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Am J Obstet Gynecol. 1998 Jul;179(1):6-12.

Specific binding and growth-promoting activity of insulin in endometrial cancer cells in culture.

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Department of Obstetrics and Gynecology, University of Texas Medical Branch, Galveston 77555, USA.



Insulin is known to be mitogenic to a variety of cells in culture. The purpose of this study was to investigate the possible role of insulin in the growth and development of endometrial cancers.


Specific binding and growth effects of insulin were studied in 5 different human endometrial cancer cell lines derived from cancers with different degrees of differentiation: HEC-1-A and HEC-1-B (from a moderately well-differentiated adenocarcinoma), RL95-2 (from a moderately well-differentiated adenosquamous carcinoma), KLE (from poorly differentiated carcinoma), and AN3 CA (from a metastatic undifferentiated endometrial carcinoma). The receptors were further characterized by competitive binding and chemical cross-linking studies.


Binding studies with 125I-insulin revealed the presence of high-affinity binding sites for insulin on all the 5 cell lines. Binding of insulin was found to be highly specific. Competitive binding studies with 125I-insulin revealed that insulin was most effective in displacing the labeled hormone, whereas insulin-like growth factor-I and insulin-like growth factor-II competed for binding only at very high concentrations. Scatchard analysis of the binding data revealed that the association constant for the high-affinity binding sites ranged from 0.72 to 1.91 x 10(9) L/mol. Estrogen-receptor-negative cell lines HEC-1-A and HEC-1-B had the highest number of insulin receptors, whereas the estrogen-receptor-positive cell line RL95-2 had the least number of receptors. The effect of insulin on cell proliferation was studied by monitoring cell number and incorporating [3H]thymidine into deoxyribonucleic acid of the cells. Insulin stimulated cell growth of all the cell lines.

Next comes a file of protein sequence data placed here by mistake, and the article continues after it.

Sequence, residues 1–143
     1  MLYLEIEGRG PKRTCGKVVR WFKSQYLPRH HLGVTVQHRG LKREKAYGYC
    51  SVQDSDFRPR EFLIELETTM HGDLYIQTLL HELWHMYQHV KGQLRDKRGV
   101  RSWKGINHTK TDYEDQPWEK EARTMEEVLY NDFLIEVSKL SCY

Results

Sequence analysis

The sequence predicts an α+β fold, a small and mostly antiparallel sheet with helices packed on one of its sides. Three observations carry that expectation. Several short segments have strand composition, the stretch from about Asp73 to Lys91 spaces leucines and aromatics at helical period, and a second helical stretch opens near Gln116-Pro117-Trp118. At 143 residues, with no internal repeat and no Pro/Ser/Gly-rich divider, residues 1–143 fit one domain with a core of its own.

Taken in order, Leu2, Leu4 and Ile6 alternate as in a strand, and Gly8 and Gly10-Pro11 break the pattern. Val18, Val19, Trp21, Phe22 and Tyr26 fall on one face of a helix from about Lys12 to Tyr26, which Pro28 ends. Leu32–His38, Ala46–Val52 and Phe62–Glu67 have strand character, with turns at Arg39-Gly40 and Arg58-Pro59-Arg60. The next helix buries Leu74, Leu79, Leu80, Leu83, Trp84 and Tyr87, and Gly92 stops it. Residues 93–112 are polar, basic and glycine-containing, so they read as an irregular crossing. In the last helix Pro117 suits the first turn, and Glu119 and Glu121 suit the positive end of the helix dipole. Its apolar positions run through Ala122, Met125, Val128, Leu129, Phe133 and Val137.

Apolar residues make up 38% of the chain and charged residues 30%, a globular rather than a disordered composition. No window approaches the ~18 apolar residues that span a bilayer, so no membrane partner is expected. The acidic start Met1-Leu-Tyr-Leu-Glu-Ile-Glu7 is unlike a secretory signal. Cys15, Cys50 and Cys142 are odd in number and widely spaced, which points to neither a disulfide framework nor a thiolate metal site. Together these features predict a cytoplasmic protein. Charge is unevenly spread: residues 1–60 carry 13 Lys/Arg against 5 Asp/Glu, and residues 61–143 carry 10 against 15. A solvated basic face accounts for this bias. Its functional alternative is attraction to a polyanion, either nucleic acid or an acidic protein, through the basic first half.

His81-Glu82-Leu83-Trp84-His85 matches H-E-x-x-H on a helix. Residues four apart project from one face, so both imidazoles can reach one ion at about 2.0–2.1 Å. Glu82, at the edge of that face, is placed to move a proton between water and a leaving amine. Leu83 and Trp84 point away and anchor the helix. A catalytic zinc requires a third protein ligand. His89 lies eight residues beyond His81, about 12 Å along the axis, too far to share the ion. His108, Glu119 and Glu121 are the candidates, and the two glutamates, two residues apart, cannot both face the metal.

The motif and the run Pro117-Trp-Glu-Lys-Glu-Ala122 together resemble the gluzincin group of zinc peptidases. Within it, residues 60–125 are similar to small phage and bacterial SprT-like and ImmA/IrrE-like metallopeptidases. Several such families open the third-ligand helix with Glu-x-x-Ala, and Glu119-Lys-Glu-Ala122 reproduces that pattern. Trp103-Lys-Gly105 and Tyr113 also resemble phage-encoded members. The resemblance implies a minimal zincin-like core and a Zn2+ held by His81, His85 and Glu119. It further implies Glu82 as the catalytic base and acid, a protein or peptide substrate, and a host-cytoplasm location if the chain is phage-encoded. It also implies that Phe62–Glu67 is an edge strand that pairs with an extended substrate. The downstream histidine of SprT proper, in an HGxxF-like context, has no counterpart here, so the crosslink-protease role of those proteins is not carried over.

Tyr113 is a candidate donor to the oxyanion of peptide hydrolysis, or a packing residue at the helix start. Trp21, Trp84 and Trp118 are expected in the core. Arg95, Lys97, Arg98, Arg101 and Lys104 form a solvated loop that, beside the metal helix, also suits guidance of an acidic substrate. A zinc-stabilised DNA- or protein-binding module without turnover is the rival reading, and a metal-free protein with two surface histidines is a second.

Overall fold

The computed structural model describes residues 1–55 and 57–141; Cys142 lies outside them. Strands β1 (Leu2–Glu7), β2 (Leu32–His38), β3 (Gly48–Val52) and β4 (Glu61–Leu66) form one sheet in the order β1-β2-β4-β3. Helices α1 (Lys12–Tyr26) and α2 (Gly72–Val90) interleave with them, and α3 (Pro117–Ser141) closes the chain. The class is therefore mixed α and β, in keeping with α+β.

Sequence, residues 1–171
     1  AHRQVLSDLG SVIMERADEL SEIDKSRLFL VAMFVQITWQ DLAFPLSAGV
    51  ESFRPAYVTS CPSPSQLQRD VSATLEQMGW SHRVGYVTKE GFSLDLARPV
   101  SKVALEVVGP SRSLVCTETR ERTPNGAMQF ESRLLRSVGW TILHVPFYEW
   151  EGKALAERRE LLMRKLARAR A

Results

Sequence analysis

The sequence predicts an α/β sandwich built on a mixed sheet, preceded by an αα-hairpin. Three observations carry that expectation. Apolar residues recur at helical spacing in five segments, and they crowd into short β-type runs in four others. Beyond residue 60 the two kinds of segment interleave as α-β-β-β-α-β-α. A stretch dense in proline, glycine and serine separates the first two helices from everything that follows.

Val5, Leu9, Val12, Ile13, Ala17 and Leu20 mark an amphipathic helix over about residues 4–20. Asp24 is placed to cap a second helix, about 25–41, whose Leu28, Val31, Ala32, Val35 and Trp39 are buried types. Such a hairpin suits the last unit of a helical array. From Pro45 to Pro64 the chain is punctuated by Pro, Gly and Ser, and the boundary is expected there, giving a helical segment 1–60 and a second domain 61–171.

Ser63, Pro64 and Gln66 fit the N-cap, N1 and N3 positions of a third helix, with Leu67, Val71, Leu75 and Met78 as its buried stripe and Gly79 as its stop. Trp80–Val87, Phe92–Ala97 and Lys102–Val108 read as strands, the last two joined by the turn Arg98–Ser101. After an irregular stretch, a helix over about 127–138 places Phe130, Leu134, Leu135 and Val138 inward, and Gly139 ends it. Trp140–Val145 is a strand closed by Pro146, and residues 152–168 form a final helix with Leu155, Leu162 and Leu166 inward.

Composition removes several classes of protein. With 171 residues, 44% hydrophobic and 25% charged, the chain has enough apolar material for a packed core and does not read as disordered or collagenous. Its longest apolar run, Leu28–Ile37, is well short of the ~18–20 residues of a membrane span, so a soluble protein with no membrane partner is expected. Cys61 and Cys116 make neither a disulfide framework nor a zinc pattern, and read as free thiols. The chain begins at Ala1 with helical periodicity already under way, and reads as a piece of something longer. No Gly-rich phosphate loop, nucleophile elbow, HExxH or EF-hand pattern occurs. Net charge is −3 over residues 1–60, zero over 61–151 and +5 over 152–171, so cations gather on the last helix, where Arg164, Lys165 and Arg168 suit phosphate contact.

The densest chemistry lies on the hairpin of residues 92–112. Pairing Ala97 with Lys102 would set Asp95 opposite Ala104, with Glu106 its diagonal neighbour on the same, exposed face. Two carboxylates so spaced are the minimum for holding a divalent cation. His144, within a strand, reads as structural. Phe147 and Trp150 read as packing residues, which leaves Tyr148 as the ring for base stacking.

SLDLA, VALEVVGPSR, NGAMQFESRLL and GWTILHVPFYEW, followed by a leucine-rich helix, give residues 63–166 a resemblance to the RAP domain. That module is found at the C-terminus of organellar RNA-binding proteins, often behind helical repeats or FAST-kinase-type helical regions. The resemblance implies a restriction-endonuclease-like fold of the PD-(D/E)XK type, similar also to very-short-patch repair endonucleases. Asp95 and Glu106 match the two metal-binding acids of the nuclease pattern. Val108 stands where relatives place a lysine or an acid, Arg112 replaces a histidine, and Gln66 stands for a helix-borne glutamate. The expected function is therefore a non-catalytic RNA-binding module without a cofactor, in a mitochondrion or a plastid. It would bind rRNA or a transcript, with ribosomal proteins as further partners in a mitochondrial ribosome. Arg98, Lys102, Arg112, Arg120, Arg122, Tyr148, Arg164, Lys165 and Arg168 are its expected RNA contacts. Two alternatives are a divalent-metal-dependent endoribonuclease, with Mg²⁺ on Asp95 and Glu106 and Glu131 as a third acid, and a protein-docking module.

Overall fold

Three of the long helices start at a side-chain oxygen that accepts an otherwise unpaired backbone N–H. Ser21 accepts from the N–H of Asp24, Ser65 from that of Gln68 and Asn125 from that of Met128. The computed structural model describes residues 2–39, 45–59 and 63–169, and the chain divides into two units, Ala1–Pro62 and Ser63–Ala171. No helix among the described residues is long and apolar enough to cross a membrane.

The results of this study indicate the potential role of hyperinsulinemia in the growth and development of endometrial cancer.

[Indexed for MEDLINE]

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